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Your design is underway, do you finish it?

Descended from the Queen (DftQ) is a card-based story-building game. It was born from Alex Roberts’ original creation, For the Queen (FtQ) in 2019 and is both an incredibly immersive and accessible character worldbuilding experience. For the Queen has inspired many others to create their own frameworks and stories  that cover a wide range of settings and experiences.

In this guide, I’ll cover what experience the system projects, how it approaches emotional narrative design, and why. I’ll provide examples of existing hacks of For the Queen and some starting principles to create your own story game that’s Descended from the Queen. As a student of the game system, I’m limited to my experience and my interpretation of it. I hope you are able to take something away and be able to use it for your own. As a student of the game system, this is my interpretation of it. And I hope you’re able to iterate on it and make it your own.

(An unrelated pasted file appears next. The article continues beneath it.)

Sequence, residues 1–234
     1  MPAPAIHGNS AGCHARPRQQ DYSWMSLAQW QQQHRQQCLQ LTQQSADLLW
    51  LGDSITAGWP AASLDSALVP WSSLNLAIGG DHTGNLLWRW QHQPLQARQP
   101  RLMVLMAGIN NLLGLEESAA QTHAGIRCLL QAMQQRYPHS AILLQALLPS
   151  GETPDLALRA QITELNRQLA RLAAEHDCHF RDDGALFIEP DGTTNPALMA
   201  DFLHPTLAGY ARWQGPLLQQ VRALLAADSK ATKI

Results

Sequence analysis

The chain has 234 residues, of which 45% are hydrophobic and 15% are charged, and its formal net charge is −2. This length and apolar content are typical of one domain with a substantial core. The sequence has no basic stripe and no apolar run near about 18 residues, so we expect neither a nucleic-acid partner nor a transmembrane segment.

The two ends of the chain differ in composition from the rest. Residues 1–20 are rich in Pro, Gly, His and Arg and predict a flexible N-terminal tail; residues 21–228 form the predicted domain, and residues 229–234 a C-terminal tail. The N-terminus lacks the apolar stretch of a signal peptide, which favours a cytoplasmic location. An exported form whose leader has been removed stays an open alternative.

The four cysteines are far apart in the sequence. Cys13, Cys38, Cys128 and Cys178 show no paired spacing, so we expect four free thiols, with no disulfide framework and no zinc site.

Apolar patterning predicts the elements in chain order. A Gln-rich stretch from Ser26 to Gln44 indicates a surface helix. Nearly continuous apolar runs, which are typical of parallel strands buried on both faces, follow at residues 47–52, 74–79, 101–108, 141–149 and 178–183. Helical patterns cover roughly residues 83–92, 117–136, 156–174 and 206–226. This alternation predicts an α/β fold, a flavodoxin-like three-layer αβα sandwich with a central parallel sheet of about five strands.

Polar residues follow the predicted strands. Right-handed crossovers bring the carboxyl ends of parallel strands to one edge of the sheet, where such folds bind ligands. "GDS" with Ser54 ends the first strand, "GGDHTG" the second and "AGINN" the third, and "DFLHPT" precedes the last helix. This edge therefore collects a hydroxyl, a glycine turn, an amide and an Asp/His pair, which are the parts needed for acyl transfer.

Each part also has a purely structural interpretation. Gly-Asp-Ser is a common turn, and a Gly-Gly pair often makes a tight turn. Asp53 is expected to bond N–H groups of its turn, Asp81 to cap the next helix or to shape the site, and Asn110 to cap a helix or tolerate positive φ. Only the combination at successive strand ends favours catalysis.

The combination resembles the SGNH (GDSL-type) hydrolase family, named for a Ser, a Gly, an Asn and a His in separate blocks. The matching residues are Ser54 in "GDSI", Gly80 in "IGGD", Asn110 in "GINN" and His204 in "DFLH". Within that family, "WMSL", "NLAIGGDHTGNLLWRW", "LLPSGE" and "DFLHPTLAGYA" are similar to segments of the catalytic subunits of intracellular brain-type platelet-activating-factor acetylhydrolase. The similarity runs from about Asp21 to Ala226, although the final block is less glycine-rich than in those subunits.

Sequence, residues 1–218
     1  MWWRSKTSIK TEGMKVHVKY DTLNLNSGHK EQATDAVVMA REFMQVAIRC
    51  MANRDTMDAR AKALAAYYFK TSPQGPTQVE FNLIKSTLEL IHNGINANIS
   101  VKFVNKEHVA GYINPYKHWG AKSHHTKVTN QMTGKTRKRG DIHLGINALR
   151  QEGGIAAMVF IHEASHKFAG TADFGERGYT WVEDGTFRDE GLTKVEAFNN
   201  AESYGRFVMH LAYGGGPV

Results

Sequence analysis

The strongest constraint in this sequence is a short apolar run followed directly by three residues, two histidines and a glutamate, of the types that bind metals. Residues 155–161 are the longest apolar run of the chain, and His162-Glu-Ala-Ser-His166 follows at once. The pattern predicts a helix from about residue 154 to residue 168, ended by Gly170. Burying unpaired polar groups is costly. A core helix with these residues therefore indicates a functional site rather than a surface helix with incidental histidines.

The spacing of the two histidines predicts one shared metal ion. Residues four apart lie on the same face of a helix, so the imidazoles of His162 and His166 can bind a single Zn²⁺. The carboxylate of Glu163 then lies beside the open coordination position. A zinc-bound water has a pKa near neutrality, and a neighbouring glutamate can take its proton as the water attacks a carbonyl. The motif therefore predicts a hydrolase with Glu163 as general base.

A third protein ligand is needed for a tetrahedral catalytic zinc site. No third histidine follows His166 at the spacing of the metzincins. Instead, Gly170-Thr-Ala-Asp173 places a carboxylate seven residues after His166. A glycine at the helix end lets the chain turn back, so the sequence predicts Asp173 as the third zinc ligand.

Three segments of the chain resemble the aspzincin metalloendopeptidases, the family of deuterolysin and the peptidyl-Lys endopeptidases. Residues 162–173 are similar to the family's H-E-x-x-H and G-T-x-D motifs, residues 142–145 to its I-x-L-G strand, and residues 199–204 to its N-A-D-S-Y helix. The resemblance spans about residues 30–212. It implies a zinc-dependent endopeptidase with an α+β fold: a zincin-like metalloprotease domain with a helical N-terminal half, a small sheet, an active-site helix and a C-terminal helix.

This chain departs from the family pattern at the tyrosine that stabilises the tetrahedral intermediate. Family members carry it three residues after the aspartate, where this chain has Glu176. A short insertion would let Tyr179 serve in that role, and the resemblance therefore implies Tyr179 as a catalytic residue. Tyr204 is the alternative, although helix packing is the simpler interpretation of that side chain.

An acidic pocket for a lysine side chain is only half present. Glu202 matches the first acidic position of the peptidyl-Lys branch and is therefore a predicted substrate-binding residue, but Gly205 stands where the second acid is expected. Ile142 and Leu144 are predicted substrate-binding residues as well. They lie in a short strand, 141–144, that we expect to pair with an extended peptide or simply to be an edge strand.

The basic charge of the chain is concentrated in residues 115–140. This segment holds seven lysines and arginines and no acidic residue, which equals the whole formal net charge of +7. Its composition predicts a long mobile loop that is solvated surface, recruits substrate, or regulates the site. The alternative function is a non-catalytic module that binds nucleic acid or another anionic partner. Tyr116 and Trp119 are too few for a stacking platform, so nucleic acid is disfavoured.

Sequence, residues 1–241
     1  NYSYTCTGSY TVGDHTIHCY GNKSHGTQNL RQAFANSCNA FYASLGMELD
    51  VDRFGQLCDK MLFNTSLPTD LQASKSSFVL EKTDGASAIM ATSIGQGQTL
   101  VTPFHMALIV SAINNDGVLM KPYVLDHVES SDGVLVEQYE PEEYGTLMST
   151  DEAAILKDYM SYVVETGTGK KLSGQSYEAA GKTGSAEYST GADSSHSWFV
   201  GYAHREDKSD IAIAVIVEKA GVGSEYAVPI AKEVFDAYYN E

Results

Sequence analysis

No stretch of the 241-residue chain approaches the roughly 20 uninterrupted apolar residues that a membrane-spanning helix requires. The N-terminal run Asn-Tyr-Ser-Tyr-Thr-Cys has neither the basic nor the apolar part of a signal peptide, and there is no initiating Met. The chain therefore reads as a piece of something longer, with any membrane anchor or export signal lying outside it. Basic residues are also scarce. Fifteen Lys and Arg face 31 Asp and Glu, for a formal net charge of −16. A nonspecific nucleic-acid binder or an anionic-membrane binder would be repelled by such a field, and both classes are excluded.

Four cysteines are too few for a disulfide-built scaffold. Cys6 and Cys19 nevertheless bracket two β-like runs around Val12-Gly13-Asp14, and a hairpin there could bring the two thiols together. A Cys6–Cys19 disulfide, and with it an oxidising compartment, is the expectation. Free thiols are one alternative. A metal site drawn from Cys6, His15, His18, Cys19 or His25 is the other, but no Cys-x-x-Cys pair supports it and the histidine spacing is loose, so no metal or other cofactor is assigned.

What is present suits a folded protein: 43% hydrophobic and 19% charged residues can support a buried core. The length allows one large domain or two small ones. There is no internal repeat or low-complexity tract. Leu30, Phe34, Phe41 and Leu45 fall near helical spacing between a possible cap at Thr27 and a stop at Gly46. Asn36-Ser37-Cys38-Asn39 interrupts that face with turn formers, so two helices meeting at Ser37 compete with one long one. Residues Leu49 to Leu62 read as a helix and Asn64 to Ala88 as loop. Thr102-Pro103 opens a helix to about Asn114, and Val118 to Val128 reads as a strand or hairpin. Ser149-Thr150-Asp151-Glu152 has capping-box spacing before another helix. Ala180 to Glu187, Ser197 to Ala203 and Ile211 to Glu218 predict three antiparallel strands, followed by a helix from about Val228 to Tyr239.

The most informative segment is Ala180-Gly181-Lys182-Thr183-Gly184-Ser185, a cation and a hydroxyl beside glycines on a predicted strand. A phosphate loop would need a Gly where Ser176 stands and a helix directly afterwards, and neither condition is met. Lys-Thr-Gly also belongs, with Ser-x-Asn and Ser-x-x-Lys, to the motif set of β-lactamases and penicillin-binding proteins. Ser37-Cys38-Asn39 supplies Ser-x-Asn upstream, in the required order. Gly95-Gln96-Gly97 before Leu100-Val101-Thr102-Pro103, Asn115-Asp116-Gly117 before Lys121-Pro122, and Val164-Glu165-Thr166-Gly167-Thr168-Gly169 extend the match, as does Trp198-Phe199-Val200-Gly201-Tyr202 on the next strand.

This document is primarily intended for inspiration and general understanding. As pnoyXP isn’t Alex Roberts, the original designer, these are their interpretations and reflect their understanding and biases. This is by no means meant to be the “right” approach, just a focused one. This is also intended to be a reference if you’re stuck with your own design.

Get creative, get experimenting, and have fun!

StatusReleased
CategoryOther
Rating
Rated 5.0 out of 5 stars
(18 total ratings)
AuthorBarkada Games
GenreCard Game, Educational
TagsCreative, Non violent, Tutorial

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Descendants of the Queen PDF 588 kB

Comments

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I've played one Descended from the Queen game, The Wizard's Tower, and quite enjoyed it even as a solo experience (which involved moving the final question card a bit up in the draw deck). I feel that this guide describes well the essence and soul of a game that uses this framework, and gives good advice for designers thinking about creating a Descended from the Queen game.

One particular detail I liked is the examples given from a few Descended from the Queen game to show what can be done with the framework, from varying the theme, varying the "queen", and varying the final goal(s). 

Also the last section is more general advice about playtesting, though it has some specificity to the Descended from the Queen framework, which I feel is extremely valuable for those starting out in game design. I've known board game designers before, and these are similar principles that work there, too.